What is vitamin D?
Vitamin D is a fat-soluble vitamin which is essential for the absorption and uptake of calcium and phosphorus in the human body, which are fundamental for bone health. As well as optimising bone mineral density, vitamin D also supports healthy immune system function and mood regulation.
Vitamin D is found in few founds naturally, although many foods such as breakfast cereals are supplemented with the vitamin. Ultraviolet-B rays from the sun is also another important source of vitamin D, justifying the nickname ‘sunshine’ vitamin. Vitamin D production from the sun in the skin is the predominant source of vitamin D for humans, which is a risk for people who live in locations with limited sunlight. Also, people who have darker skin complexions tend to have lower levels of vitamin D uptake from sunlight, this is due to the melanin in their skin acting as a protection from sunlight and the risks associated with extreme exposure.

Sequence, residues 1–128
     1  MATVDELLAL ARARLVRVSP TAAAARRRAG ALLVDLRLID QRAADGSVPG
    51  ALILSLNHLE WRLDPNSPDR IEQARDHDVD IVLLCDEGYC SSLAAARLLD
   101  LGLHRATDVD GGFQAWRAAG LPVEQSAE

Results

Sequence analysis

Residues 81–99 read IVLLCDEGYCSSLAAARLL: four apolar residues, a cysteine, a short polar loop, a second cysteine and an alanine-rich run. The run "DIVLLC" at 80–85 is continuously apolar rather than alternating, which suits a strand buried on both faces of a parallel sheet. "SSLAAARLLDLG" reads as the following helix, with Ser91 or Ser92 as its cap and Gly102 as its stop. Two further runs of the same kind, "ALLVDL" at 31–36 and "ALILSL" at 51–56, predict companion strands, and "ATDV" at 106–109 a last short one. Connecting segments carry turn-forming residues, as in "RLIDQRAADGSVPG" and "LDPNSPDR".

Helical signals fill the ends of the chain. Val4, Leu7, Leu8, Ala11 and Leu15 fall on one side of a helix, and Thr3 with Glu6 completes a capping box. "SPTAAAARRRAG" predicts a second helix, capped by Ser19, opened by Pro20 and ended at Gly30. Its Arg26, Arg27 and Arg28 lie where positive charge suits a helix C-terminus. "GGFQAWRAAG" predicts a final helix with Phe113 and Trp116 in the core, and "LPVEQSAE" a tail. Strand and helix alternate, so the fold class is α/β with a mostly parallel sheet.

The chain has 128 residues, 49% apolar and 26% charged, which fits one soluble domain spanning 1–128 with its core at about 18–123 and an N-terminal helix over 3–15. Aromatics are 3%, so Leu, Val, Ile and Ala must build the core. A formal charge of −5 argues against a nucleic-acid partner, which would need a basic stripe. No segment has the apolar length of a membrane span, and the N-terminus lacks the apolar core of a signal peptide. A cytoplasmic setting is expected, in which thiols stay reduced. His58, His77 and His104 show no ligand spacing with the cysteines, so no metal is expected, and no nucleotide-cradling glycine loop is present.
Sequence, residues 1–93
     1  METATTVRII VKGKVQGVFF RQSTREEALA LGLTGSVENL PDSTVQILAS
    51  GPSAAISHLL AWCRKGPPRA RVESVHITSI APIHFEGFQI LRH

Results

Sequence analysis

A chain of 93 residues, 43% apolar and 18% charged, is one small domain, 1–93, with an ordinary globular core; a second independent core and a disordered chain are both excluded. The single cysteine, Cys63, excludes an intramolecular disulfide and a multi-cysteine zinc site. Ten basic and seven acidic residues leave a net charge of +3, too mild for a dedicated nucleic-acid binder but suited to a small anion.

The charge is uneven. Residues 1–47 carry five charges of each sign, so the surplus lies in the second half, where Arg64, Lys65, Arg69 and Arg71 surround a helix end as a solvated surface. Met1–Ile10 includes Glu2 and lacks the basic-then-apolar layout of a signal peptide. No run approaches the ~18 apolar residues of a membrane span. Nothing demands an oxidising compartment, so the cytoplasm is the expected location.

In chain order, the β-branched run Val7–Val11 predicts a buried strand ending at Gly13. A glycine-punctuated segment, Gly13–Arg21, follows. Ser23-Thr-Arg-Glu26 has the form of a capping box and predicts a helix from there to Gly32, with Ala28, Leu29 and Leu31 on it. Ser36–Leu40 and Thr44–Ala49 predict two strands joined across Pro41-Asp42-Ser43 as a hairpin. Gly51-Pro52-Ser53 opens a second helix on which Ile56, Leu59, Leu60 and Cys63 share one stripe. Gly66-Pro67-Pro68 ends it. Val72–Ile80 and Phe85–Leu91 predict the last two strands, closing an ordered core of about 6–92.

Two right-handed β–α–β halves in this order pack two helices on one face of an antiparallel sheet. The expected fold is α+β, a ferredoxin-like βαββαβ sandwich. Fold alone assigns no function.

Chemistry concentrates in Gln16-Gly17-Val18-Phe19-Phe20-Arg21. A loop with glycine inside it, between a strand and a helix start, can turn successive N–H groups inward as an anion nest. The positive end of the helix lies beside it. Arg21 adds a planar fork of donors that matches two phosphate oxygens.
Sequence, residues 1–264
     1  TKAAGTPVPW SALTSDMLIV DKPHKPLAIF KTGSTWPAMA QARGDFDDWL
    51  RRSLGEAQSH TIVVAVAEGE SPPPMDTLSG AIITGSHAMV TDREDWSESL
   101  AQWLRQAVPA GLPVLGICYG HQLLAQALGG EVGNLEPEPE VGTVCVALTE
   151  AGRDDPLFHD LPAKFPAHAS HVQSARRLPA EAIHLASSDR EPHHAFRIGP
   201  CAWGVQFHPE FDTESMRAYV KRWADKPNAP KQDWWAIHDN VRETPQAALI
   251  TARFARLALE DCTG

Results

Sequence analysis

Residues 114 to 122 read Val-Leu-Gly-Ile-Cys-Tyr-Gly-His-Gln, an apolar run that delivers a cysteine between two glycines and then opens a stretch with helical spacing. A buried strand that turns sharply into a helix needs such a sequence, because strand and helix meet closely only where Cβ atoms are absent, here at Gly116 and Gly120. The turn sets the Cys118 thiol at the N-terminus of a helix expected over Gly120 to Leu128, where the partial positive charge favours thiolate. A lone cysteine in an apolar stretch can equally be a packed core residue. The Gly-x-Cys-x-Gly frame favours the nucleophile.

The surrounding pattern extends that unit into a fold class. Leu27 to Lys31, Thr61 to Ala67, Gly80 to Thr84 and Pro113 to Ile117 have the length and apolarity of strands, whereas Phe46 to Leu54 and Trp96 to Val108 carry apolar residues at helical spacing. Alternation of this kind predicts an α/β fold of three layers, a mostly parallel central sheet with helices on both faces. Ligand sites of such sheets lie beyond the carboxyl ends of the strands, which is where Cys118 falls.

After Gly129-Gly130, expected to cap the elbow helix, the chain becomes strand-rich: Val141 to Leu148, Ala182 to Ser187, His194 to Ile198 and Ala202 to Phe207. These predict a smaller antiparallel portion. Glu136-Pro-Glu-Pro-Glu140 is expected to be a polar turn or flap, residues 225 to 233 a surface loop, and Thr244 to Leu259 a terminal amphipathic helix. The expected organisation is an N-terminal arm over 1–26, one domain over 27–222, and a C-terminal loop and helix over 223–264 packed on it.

Vitamin D in the form of supplements of dietary foods is an easy way to boost intakes. Foods’s rich in
- Oily fish such as salmon and mackerel
- Egg yolks
- Red meat
- Fortified foods- cereals and bread
Vitamin D intakes: the UK
Data from the NDNS (national diet and nutrition survey) combined from years 2007-2018 revealed that as a nation, the UK failed to consume adequate vitamin D levels. It was found that 16% of adults (19-64 years), 13% of adults aged over 65 and 19% of children aged 11-18 years had low vitamin D status.
Mean dietary intakes of vitamin D fell below the recommended 10 µg a day for all age and sex groups, excluding vitamin D supplementation. Highlighting, that as a nation we fail to consume adequate levels of vitamin D from dietary sources alone.
Vitamin D deficiency increases the risk of developing rickets in children and bone conditions such as osteoporosis in older adults. Research has also suggested that vitamin D consumption can play a big role in the prevention of cancers, autoimmune diseases, diabetes, and depression (Sizar et al., 2020).
Recent research has suggested a link between mental health and vitamin D intakes, with adequate intakes of vitamin D contributing to the prevention and treatment for mental illnesses such as depression (Penckofer et al., 2010). Although depression is an independent condition, vitamin D consumption is essential for brain function and development. Therefore, it has been hypothesized that inadequate intakes have been linked to depression and increased risk of mental illness.